Since plaintiff as administratrix could not sustain damage by reason of the facts alleged, the allegation that she in such capacity suffered damage, must be disregarded as surplusage. ( Newman v. Smith, 77 Cal. 27, [18 P. 791].) It is not alleged in terms that the widow sustained pecuniary damage by reason of the death of deceased. Such omission, however, did not render the complaint obnoxious to the general demurrer. Upon the death of deceased, caused by the wrongful act of defendant, the statute gave the widow the right to such damages as under the circumstances were just, and authorized the personal representative to sue for the recovery of the same. By his death the widow was deprived of that share in the earnings of deceased to which as his wife she was entitled for support. ( Kelley v. Chicago etc. Ry. Co., 50 Wis. 381, [7 N.W. 291]; Serensen v. Northern Pac. R. Co., 45 Fed. 407; Civ. Code, sec. 155) Since the complaint alleged facts from which damages to the surviving wife must necessarily follow, it was sufficient to overcome the objection on the score that it failed to allege the amount in which the heir was damaged. ( Blasingame v. Home Ins. Co., 75 Cal. 638, [17 P. 925].) Moreover, the prayer of the complaint was for a specific sum which plaintiff sought to recover upon the facts alleged, and it has been held that this is equivalent to a formal allegation of the amount of damages sustained. ( Riser v. Walton, 78 Cal. 390, [21 P. 362]; Bank v. Port Townsend, 16 Wn. 450, [47 P. 896].) While the complaint cannot be regarded as a model pleading, it is nevertheless, in our opinion, sufficient when tested by a general demurrer.
2nd. As stated, the original complaint failed to state a cause of action, and conceding the amended pleading was sufficient in this regard, respondent insists that by reason of the fact that it was filed after the statute of limitations had run against the cause of action, it was barred. The amended complaint did not purport to set up a new or different cause of action from that attempted to be set up in the original complaint. "Where there is no attempt to state a new cause of action in an amended complaint, but merely the addition of matters essential to make the original cause of action complete, the amendment, though made after the expiration of the period of limitation, relates back to the time of the commencement of the action." ( Ruiz v. Santa Barbara Gas etc. Co., 164 Cal. 188, [ 128 P. 330].) The case at bar is not unlike that of Rauer's Law etc. Co. v. Leffingwell, 11 Cal.App. 494, [ 105 P. 427], where the original complaint filed to recover upon a promissory note failed to allege nonpayment, by reason of which omission the complaint failed to state a cause of action. After the expiration of the time when the action would have been barred had it not been for the filing of the original complaint, an amended complaint was filed wherein nonpayment was alleged, and it was held that such amendment did not change the cause of action, and that as stated in the amended complaint the cause of action was not barred by the statute of limitations. To the same effect is the case of Ruiz v. Santa Barbara Gas, etc. Co., 164 Cal. 188, [ 128 P. 330], wherein the above case is cited with approval. Respondent has cited a number of authorities from other jurisdictions which support its contention, in reply to which it is sufficient to say the courts of this state have adopted the rule laid down in Tiffany's Death by Wrongful Act, section 187, where it is stated: "The complaint or declaration may be amended as in other actions where the amended pleading does not state a new cause of action; and such amendment, although made after the expiration of the period of limitation, will relate back to the commencement of the suit. Thus, an amendment may be made . . . which adds an allegation that the deceased left a wife and children." ( South Carolina R. R. Co. v. Nix, 68 Ga. 572; Haynie v. Chicago etc. R. R. Co., 9 Ill. App. 105; Frost v. Whitter, 132 Cal. 422, [84 Am. St. Rep. 53, 64 P. 705].) The amended complaint did not purport to contain a new cause of action, but merely an amendment showing that the deceased left surviving him a widow as his heir.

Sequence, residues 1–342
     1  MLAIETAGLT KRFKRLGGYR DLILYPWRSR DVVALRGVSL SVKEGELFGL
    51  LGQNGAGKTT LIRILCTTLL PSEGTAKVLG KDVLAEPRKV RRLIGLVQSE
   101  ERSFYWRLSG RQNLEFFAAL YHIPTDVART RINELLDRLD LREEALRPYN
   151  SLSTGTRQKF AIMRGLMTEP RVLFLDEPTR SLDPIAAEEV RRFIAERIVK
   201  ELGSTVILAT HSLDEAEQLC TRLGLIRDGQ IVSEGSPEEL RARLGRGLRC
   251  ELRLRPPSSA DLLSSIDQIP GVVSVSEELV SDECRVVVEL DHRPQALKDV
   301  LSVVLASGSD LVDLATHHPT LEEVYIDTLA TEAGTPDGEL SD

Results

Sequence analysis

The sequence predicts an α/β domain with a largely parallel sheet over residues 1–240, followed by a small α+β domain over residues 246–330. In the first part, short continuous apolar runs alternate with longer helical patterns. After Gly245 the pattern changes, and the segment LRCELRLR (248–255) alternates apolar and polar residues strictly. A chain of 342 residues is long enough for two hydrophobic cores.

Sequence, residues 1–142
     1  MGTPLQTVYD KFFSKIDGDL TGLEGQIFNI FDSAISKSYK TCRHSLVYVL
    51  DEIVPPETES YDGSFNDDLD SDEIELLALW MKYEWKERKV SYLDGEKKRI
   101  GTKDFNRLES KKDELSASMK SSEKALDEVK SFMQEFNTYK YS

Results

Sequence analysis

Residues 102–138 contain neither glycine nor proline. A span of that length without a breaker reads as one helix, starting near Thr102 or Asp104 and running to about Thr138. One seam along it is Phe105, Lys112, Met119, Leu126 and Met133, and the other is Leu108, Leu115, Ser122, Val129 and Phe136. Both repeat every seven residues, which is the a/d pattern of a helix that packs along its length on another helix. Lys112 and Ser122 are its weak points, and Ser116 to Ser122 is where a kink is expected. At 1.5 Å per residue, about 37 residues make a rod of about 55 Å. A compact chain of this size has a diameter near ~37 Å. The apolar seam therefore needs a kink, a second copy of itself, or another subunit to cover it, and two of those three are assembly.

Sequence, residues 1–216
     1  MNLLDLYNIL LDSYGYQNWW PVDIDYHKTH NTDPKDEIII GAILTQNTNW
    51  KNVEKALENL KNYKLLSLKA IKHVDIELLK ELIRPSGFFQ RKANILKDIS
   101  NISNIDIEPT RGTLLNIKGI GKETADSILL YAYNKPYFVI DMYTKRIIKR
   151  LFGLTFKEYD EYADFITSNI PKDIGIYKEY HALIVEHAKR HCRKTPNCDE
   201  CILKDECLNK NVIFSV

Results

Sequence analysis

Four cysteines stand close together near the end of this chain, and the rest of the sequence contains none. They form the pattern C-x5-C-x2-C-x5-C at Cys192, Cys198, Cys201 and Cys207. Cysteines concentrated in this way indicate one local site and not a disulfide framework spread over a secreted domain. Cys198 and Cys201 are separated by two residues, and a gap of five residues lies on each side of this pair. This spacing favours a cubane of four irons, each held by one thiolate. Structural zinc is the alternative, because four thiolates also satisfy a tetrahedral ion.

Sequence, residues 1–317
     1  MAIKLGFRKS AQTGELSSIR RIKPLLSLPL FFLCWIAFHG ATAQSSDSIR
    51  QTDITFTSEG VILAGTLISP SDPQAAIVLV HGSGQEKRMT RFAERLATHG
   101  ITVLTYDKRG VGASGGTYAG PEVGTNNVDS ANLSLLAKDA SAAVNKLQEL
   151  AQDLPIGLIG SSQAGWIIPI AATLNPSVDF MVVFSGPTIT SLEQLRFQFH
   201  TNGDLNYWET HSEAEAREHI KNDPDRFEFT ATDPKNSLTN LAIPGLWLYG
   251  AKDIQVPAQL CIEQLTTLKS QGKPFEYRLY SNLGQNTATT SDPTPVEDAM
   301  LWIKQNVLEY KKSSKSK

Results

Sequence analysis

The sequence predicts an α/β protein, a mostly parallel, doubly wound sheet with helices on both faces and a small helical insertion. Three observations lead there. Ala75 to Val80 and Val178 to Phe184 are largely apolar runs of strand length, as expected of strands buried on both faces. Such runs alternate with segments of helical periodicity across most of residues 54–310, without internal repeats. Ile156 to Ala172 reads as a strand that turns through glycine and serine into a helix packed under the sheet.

In our opinion the learned judge erred in sustaining the demurrer. The judgment is, therefore, reversed and the trial court directed to overrule the demurrer interposed to the complaint.
Conrey, P. J., and James, J., concurred.